Finding a Job in Turkey as a Young Journalist
Author: Cansu Timur
In Turkey, young journalists are struggling to find a job after finishing their bachelor degree. After 4 years of university education, young journalists face unhappiness and unemployment. Although there are already more than 70 universities that provide communication education, new ones continue to be opened. The huge number of communication experts is much more than the country needs. Additionally, it is difficult for young journalists to find a better job in better media companies when we consider low wages, pressure from superiors, and the issues with freedom of expression in Turkey.
According to the data shared by the Human Resources Office of the Presidency of the Republic of Turkey in 2019, 34 percent of communication faculty graduates were able to find a job within the first 6 months after their graduation. While the rate of those who have never worked after graduation is 18,25, those who find a job between 6 to 12 months after graduating is 16,67. On the other hand, those graduates who could find a job do not work within the framework of their licenses. Moreover, 60 percent of those who started working said that they were receiving minimum wages. Even though low wages have a negative impact on journalists, it is impossible to explain this with the existing data.
Since the data we obtained from the Human Resources Office includes other communication graduates in fields of public relations, cinema, and design, it is hard to find data on journalism graduates specifically. Under these circumstances, young journalists are looking for an independent way to do what they studied for. Even though it is not possible to be completely away from the governments’ oppression of free speech, young journalists say that they are feeling responsible for creating free areas. The aim of the young journalists I spoke with is to provide true information to the public in the country.
Being unemployed or accepting to work under poor conditions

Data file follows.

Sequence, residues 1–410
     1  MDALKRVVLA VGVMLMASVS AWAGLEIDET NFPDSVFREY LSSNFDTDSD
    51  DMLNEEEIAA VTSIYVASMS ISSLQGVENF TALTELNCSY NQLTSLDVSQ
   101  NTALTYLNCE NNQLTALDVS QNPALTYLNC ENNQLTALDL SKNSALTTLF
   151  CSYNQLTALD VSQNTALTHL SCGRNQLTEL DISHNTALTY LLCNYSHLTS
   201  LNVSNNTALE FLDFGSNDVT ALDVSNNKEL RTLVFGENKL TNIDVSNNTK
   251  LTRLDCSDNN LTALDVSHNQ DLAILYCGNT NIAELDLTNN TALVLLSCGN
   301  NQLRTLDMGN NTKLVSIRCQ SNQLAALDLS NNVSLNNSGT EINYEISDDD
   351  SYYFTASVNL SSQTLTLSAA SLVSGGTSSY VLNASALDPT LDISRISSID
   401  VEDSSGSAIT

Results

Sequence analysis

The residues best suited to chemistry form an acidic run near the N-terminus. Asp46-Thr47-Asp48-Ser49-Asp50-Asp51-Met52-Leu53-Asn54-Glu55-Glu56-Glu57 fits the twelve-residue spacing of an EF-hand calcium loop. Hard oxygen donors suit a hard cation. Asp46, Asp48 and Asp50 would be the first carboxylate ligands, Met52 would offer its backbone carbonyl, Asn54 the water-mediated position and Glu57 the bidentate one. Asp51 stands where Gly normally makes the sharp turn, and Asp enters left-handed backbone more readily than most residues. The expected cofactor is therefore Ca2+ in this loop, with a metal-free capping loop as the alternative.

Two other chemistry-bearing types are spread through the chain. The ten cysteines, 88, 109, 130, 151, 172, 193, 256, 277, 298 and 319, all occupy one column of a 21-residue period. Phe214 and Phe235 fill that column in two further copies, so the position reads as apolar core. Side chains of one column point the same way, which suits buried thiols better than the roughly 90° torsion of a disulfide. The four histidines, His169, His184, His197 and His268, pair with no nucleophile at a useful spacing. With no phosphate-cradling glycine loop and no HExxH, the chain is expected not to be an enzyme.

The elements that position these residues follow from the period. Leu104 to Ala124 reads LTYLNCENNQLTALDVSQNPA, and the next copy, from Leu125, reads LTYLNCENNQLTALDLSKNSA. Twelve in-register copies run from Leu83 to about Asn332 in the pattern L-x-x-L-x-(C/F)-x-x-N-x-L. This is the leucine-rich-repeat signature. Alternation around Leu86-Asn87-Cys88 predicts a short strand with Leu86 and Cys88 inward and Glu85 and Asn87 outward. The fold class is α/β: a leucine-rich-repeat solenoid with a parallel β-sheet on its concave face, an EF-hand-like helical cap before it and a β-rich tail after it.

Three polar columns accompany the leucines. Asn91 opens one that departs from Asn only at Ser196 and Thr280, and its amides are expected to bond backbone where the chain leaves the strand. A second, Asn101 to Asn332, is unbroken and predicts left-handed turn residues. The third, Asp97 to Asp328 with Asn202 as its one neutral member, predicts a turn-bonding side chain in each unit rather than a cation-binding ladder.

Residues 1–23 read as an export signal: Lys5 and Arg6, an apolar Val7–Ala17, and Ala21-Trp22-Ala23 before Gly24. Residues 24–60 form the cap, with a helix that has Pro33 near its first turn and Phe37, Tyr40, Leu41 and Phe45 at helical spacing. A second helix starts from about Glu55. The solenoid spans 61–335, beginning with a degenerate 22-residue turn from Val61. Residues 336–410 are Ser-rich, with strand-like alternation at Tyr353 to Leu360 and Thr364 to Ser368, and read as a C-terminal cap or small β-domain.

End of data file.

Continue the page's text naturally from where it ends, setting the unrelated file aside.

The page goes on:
Merve Filiz Yavuz is a news director of Gazete Rüzgarlı. Yavuz and her friends from Ankara University Faculty of Communication founded Gazete Rüzgarlı last year. Yavuz explains in what state freedom of expression of journalists is in Turkey and why they started their own business.
Yavuz says that there are two options for a young journalist: being unemployed or accepting to work under poor conditions.
“Journalists try to fight against long working hours, late pays, mobbing, and all kind of censorship. Journalists’ personal rights should be legally guaranteed but they are working for minimum amounts of money especially within the opponent media” she adds.
Yavuz states that the government sees the media as a means of suppression, consolidation, and concealment. She added that when the government failed to engage in those processes, they started investigating news and arresting journalists.
“When the quality conditions of journalists are destroyed, the right of citizens to receive quality news is also usurped. When the government silences journalists, they also silence the public”, says Yavuz.
When the employment problem of young journalists is added to these conditions, Yavuz says that opening new fields is compulsory for the public to get accurate information.
Yavuz explains Gazete Rüzgarlı with the following words:
“We witnessed the pressures against journalism but we did not want to consent to these pressures. We founded Gazete Rüzgarlı because we want to freely raise our voices. We reject the low conditions imposed by big media companies. We continue to say ‘We are here, too’ in our conditions that we shape. We will keep up the transfer of knowledge and experience in our newspaper with the journalism solidarity”
The pressure from superiors disappears when you work individually
Cengiz Mert Aksekili produces media podcasts as an independent journalist. Aksekili said that the media companies where he worked as an intern previously avoided employing new people.
Aksekili lists the reasons why young journalists could not find a job:
“Media companies have recently made mass layoffs. After dismissals, one reporter started working for two or three areas at the same time. Moreover, companies’ first choice is a journalist who is highly experienced. It should not be forgotten that the number of universities providing communication education is over 70 and is increasing every day”
In this sense, Aksekili adds how he felt he needed to leave his comfort zone. With the Covid-19 pandemic, Aksekili’s follow-up process gained speed.
“I had to start from the scratches. ‘You are the boss' sounds nice in the beginning, but you have all the responsibilities which is not easy’’ he says.
“The pressure from superiors that comes from economic reasons disappears when you work individually and that is the best part of this job. Instead of working overtime for your boss, you are trying to grow your own business”
According to Aksekili, working as an independent journalist feels better. Despite the fact that Turkey’s political atmosphere decreases productivity, the interventions of the media company, his superior, and editor are no more present in his life.
“Instant expressions gain importance in audio and visual productions on the Internet and they do not pass the filter of censorship”, Aksekili concludes.